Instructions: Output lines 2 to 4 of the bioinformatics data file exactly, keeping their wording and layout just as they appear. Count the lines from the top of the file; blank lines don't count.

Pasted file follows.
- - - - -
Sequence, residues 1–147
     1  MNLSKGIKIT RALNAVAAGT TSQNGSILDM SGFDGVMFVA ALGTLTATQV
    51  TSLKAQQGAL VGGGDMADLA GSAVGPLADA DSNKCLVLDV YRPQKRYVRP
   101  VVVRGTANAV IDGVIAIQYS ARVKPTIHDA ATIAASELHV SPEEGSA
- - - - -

     1  MNLSKGIKIT RALNAVAAGT TSQNGSILDM SGFDGVMFVA ALGTLTATQV
    51  TSLKAQQGAL VGGGDMADLA GSAVGPLADA DSNKCLVLDV YRPQKRYVRP
   101  VVVRGTANAV IDGVIAIQYS ARVKPTIHDA ATIAASELHV SPEEGSA